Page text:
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New Zealand’s Game-changer: Textile Waste to Roads

Image credits: wellington.govt.nz

Wellington City is once again taking the lead in the country’s circular economy initiative. Its council started a trial recently using textiles as a performance additive in asphalt on roads – a first for New Zealand.

Essentially it is it’s a two-in-one solution. On one end, there is the problem of textile waste and on the other the concern for better roads. While the unique methodology is still on trial,  its implications are big. The textile-waste-to-road initiative has the potential to be a gamechanger in the country’s circular economy and net-zero goals by 2050.

Indeed, textile waste is one of New Zealand’s fastest-growing waste streams, their outsized impact relative to weight makes them an ideal focus for carbon reduction activities. Improving the performance of roads, creating jobs and economic opportunity onshore while also reducing waste and emissions is a win-win-win scenario, says Mayor Andy Foster of Wellington.

He disclosed that they are supporting organisations, projects and initiatives that reflect a circular economy as part of the Te Atakura – First to Zero goal and a strong ambition to reduce New Zealand’s collective footprint on the planet.

This trial is a perfect example of cross-collaboration and stewardship focused on improving sustainability for future generations. We’re proud to support the private sector in this leading-edge work, which we hope will have applications to make a difference across New Zealand and then globally.

– Andy Foster, Mayor, Wellington

The used textile may look harmless but it can be an added burden to the planet. When consumers throw away used clothing, it can be both a waste of money and resources. It can take as long as over 200 years for clothing materials to decompose properly in a landfill. Worse, during this decomposition process, textiles give off greenhouse methane gas and leach toxic chemicals (e.g. dyes) into the soil and the groundwater.

However, used clothing and textile can be processed to contribute to a circular system. Cellulose, an extract of used textile, can be used to enhance roads. It’s a timely additive in asphalt roading mix that will help it stabilise. What’s more, it can improve the workability, strength and homogeneity of the final road.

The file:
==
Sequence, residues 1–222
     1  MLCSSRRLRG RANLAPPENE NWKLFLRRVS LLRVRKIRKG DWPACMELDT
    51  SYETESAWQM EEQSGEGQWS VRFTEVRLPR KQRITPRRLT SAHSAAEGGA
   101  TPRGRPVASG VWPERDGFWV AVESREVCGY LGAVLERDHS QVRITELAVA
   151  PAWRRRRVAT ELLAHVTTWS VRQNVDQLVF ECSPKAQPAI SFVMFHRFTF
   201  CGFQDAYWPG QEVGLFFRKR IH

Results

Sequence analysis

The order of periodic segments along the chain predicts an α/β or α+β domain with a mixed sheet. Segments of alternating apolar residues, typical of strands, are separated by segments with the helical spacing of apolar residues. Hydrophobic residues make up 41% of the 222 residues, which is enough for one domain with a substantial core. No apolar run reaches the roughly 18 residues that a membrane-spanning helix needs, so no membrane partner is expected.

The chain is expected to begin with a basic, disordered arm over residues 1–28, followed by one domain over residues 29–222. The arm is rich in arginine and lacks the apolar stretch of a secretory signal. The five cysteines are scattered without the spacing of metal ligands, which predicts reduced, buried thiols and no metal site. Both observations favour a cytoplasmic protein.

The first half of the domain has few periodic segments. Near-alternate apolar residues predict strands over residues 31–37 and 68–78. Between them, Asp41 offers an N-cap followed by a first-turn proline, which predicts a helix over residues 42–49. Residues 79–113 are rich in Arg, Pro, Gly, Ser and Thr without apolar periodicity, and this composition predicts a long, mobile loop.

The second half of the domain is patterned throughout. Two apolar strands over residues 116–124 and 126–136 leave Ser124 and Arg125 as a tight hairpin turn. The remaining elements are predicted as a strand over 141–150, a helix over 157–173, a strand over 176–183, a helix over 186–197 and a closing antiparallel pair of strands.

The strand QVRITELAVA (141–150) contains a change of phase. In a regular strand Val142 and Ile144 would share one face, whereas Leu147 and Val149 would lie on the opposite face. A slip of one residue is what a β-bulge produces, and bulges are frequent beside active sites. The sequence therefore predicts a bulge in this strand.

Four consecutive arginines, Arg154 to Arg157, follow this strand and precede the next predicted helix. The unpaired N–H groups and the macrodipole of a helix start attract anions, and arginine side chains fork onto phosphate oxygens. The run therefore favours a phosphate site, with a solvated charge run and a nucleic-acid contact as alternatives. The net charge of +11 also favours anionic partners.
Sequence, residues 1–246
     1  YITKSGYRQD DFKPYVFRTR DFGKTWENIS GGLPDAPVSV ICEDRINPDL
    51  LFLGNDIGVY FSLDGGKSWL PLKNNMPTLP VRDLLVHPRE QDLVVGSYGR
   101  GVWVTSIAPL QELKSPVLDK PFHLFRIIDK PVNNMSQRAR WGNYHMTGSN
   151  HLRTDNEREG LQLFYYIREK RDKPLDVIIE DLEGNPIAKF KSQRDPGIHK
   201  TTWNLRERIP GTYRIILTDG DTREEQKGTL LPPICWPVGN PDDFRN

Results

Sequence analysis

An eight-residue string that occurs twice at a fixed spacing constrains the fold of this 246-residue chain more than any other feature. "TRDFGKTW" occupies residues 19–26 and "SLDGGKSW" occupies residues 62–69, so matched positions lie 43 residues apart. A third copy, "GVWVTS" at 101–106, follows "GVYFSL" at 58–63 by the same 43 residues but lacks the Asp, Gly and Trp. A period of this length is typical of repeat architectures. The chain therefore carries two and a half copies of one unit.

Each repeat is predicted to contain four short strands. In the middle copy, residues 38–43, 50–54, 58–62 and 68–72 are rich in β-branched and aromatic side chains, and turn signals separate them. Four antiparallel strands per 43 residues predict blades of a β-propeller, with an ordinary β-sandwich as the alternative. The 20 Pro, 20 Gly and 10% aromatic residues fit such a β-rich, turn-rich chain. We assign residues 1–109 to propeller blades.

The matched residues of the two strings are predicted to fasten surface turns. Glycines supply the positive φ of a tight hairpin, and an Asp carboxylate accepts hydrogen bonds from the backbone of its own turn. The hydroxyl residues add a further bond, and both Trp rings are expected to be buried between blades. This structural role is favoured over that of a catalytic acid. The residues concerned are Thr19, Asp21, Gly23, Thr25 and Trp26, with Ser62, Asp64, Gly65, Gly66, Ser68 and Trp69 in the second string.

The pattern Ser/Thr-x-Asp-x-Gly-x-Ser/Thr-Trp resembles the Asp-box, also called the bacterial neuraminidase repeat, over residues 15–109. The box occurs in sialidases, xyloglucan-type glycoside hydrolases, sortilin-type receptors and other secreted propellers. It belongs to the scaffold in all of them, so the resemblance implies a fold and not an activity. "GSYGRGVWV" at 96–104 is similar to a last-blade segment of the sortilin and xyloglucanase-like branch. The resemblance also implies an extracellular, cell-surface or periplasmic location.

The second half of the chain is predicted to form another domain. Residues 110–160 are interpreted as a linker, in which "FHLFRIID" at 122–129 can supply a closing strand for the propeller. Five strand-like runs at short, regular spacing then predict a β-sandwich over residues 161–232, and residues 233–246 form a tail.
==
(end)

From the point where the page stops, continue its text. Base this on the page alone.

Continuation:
The private sector has been leading the co-design and building of a national circular economy for clothing and textiles in Aotearoa. As they explore potential applications for waste textile fibre in New Zealand, this initiative quickly sparked industry interest and funding.

Meanwhile, the area has an estimated 220,000 tonnes of potential fibre in the form of textiles going to landfills in New Zealand every year. The Terrace between Ghuznee and Buller Streets in Wellington will be the first section of the road trialled with the new product. It’ll be laid with ‘Strength-Tex’ which incorporates 500kgs (half a tonne) of used textiles, conserving approximately 11,725kgs C02e (carbon equivalent) and 568,500 litres of H20 (water).

New Zealand has been making the most of technology to fight the ill effects of climate change. Though the textile-waste-to-road initiative is not as high-tech, the country has been keen on deploying digital solutions for sustainability. Recently, Wellington’s experts expressed the need to rely on location-based digital technologies to maintain its sustainable cities. In its Digital Twin, the country’s capital city used the Internet of Things (IoT) to be able to manage the ill effects of a changing Earth better as reported on OpenGov Asia.

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